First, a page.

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Former Kansas AG loses law license over abortion probes
Question of the Day
The Kansas Supreme Court on Friday suspended “indefinitely” the law license of former state Attorney General Phill Kline for ethics violations for his aggressive efforts to investigate criminal wrongdoing at the state’s abortion clinics.
The ruling did not include disbarment and permits Mr. Kline to reapply for his license after three years. Pro-choice groups hailed the hearing, but pro-life groups said the move could serve to intimidate those who investigate legitimate reports of abuse at abortion clinics.
The ruling is the latest chapter in a decadelong battle over Mr. Kline’s efforts to investigate criminal activity in Kansas abortion clinics. The cases have been dropped, and Mr. Kline, who is no longer an elected official in Kansas, now teaches law at Liberty University in Virginia.
“The violations we have found are significant and numerous, and Kline’s inability or refusal to acknowledge or address their significance is particularly troubling in light of his service as the chief prosecuting attorney for this State and its most populous county,” the court said.
Thomas Condit, Mr. Kline’s attorney, said Friday that his client never intentionally lied or misled others in pursuit of his case. He said he and Mr. Kline were reviewing the ruling and considering their next steps.
Pro-life advocates decried the ruling, saying influences from former Kansas Gov. Kathleen Sebelius, a pro-choice supporter who is now secretary of the Department of Health and Human Services, were still in play.
“The Sebelius-era vendetta against Kline for daring to uphold Kansas abortion and child sex-abuse laws has finally extracted its pound of flesh,” said Troy Newman, president of Operation Rescue in Kansas.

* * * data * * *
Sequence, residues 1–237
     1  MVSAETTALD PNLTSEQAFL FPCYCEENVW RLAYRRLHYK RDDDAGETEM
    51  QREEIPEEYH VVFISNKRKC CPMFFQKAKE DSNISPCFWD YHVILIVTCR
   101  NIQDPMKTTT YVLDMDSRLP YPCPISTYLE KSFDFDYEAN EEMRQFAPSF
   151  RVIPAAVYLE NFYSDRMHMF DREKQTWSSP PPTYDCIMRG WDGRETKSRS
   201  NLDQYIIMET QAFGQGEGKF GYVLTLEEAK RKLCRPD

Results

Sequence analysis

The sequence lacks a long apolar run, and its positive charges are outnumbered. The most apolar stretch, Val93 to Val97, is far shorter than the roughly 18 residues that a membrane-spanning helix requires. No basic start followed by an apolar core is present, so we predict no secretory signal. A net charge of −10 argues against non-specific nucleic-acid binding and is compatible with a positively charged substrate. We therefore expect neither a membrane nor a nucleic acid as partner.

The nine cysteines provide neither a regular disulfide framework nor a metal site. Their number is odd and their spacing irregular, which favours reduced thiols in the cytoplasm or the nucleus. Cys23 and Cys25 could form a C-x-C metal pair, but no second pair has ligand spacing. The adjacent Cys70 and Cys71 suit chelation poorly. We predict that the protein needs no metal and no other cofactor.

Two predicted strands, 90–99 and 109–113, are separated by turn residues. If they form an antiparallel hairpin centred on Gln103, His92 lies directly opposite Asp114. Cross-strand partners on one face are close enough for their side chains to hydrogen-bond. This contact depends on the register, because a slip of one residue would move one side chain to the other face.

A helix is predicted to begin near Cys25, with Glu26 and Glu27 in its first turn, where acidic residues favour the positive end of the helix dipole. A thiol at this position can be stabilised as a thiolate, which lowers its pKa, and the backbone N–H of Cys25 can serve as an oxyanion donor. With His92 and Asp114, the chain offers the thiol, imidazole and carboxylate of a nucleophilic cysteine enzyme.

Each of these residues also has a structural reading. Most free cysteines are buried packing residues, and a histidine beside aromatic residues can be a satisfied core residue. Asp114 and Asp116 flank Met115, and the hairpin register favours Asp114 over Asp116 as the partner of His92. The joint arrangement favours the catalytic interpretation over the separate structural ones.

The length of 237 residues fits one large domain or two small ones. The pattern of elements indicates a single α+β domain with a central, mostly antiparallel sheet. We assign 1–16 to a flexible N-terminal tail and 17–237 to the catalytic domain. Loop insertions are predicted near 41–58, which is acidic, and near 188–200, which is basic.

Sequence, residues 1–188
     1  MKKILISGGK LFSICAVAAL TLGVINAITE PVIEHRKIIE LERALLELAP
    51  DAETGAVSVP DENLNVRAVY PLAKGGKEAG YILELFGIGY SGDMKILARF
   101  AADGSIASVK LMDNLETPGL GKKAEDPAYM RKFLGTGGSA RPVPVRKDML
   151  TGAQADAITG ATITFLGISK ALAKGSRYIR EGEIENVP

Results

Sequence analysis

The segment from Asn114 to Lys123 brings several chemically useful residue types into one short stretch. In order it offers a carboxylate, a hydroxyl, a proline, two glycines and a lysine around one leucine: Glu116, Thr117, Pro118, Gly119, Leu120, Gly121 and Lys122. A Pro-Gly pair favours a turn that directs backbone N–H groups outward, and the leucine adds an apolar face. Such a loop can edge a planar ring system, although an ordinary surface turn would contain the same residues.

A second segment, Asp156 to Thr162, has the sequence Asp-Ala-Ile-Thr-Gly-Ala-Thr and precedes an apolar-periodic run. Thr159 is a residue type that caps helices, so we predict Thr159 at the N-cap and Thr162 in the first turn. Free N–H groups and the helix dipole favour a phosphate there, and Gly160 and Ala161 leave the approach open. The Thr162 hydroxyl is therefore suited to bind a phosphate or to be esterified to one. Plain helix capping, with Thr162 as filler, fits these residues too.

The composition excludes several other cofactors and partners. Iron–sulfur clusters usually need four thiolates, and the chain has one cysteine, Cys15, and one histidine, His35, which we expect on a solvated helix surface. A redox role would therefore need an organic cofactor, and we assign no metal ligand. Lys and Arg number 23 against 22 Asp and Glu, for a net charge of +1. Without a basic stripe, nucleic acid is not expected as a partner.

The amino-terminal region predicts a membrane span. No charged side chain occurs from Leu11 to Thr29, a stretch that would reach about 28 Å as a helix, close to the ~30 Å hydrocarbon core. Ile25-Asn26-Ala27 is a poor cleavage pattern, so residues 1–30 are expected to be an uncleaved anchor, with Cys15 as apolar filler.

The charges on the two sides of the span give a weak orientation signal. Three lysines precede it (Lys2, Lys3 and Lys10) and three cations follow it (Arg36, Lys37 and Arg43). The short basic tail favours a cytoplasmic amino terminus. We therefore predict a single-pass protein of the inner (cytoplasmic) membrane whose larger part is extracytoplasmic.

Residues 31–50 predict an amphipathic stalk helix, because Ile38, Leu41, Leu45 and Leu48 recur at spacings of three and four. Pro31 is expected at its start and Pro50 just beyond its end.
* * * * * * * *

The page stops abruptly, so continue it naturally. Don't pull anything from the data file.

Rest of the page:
One of the clinics investigated by Mr. Kline was run by the late Dr. George Tiller, who was nationally known as one of the few doctors who would perform late-term abortions. Tiller was gunned down in church in 2009 by a pro-life activist; the activist is serving a life sentence in prison.
The Kansas Supreme Court said in its ruling that Mr. Kline violated rules of professional conduct when he appeared on Fox News’ “The O’Reilly Factor” just before the November 2006 election to discuss his investigation of Tiller.
Peter Brownlie, president and chief executive of Planned Parenthood of Kansas and Mid-Missouri, another Kline target, said the ruling validated the group’s position that the former state attorney general was on a “politically motivated witch hunt” when he went after abortion providers.
Mr. Kline at one point had filed 30 criminal charges against Tiller in Wichita and 107 criminal charges against Planned Parenthood in Overland Park. The charges — now dropped — involved such things as performing illegal late-term abortions, failing to determine a fetus’ viability before an abortion, failing to maintain records and submitting false information.
“It was an excellent example of him using any means to justify the ends in his mind,” Mr. Brownlie told The Associated Press. “It should give persons, in elected office or not, pause about using such unethical tactics.”
© Copyright 2014 The Washington Times, LLC. Click here for reprint permission.
About the Author
Cheryl Wetzstein covers family and social issues as a national reporter for The Washington Times. She has been a reporter for three decades, working in New York City and Washington, D.C. Since joining The Washington Times in 1985, she has been a features writer, environmental and consumer affairs reporter, and assistant business editor.
Beginning in 1994, Mrs. Wetzstein worked exclusively ...
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